To puppies, the world is a fantastic place filled with exciting new things to sniff out. It’s also full of tall humans who make funny noises, like “sit” or “stay.” To a pup, these words are no different than “bananas” or “chair.” But through proper training and a bit of patience, you can teach a young pet to associate them with specific behaviour or dog tricks.
How soon can puppy training start?
Most puppies can learn basic commands as early as eight weeks old. At this young age, every moment is a learning experience, and early training is a good way to teach your pet how you’d like them to behave. Delaying training may require changing some habits or reteaching things a dog has learned incorrectly.
How to train a puppy
Puppies have a short attention span, therefore training sessions should be brief, lasting only 5 to 15 minutes per day. These can be broken down into multiple sessions throughout the day, and in a household, should involve all family members (so your pet won’t respond only to you) and take place in different rooms.
Training should be based on positive reinforcement, encouraging and rewarding the desired behaviour with food, treats and affection, rather than punishing failure to obey. Sessions should always end on a positive note. If your puppy is having a hard time learning a new trick, finish by repeating a trick they already know and rewarding them generously.
Using the right treats and rewards
When your puppy responds correctly to your commands, rewarding them with a dog treat or letting them play with their favourite toy are some examples of positive reinforcement.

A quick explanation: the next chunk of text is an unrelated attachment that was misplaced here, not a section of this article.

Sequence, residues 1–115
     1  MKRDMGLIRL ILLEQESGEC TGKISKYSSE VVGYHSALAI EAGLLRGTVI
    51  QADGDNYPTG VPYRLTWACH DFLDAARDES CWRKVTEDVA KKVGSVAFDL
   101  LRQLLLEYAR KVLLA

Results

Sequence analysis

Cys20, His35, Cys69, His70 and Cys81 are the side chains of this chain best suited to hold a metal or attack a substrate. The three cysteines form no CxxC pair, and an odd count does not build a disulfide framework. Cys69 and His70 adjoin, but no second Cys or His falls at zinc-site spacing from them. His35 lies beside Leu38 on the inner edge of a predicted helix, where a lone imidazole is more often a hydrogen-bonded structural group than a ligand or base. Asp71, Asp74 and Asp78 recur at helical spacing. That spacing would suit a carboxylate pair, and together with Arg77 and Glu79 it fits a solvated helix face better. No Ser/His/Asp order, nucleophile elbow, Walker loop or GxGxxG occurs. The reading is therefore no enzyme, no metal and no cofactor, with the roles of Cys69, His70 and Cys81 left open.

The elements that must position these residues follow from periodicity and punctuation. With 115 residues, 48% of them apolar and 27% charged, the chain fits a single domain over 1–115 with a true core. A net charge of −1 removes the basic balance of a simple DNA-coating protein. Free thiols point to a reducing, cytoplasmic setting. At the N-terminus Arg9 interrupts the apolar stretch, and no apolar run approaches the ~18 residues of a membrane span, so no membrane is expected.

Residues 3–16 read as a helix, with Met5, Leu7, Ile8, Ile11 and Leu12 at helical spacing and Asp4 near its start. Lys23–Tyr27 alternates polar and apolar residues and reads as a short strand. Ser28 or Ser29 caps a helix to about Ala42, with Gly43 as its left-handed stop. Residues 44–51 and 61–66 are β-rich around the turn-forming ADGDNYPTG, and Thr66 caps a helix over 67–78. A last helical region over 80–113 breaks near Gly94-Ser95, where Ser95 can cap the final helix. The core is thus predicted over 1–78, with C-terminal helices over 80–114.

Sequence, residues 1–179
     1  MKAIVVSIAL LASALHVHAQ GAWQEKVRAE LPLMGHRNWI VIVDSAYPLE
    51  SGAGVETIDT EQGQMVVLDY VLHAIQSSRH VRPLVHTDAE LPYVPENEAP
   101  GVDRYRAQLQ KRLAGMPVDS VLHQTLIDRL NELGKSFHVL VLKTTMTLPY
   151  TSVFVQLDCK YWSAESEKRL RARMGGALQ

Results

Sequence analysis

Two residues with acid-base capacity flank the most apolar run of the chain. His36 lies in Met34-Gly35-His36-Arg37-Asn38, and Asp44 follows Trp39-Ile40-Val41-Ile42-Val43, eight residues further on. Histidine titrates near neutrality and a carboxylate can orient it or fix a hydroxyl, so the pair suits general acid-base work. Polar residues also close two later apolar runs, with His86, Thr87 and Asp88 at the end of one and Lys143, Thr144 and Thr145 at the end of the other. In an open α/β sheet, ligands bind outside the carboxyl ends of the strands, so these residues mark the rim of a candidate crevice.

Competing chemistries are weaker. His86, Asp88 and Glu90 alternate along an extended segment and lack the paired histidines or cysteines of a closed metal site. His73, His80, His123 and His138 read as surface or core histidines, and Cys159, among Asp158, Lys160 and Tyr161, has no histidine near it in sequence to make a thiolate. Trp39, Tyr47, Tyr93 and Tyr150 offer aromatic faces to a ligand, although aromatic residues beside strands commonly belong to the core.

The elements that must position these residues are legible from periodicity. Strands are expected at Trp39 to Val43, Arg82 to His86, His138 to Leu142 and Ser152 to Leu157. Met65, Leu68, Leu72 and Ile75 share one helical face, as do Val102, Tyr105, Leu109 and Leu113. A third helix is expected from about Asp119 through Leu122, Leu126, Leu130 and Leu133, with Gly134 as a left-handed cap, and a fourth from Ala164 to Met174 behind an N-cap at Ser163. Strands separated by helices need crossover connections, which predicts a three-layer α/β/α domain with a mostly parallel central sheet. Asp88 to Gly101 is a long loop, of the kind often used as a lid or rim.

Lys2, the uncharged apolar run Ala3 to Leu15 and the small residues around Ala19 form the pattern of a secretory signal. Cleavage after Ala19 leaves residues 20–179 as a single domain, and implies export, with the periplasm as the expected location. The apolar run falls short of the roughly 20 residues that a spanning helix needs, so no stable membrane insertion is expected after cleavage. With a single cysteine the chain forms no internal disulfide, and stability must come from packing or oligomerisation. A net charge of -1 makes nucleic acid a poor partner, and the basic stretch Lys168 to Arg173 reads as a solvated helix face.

In addition to the treat itself, make sure to encourage good behaviour with petting and praises, like “Good boy!” or “Good girl!” Your puppy will grow fond of these signs of affection, and over time, they can replace food rewards when you don’t have any with you.
Basic dog tricks using food lure training
Most basic commands can be taught using a piece of food or a treat as a lure, moving it to guide your dog’s body. Pair each dog trick with a simple command word, so the puppy learns to respond to both the vocal cue and hand movement.
To teach “sit”, hold the food over your pet’s nose and move it slowly backwards, encouraging them to sit naturally. For “down”, bring the food to the floor and release it only once the puppy is lying down. For “stand”, hold food up as your dog is sitting or lying down. To teach “come”, hold the food at a certain distance (and increase it progressively).
Avoid repeating commands
A command should be given only once, then rewarded with food or a treat as soon as your puppy adopts the right position, followed by praises and a friendly pat. If you repeat the same command multiple times, your dog will understand they don’t have to comply right away to receive their reward.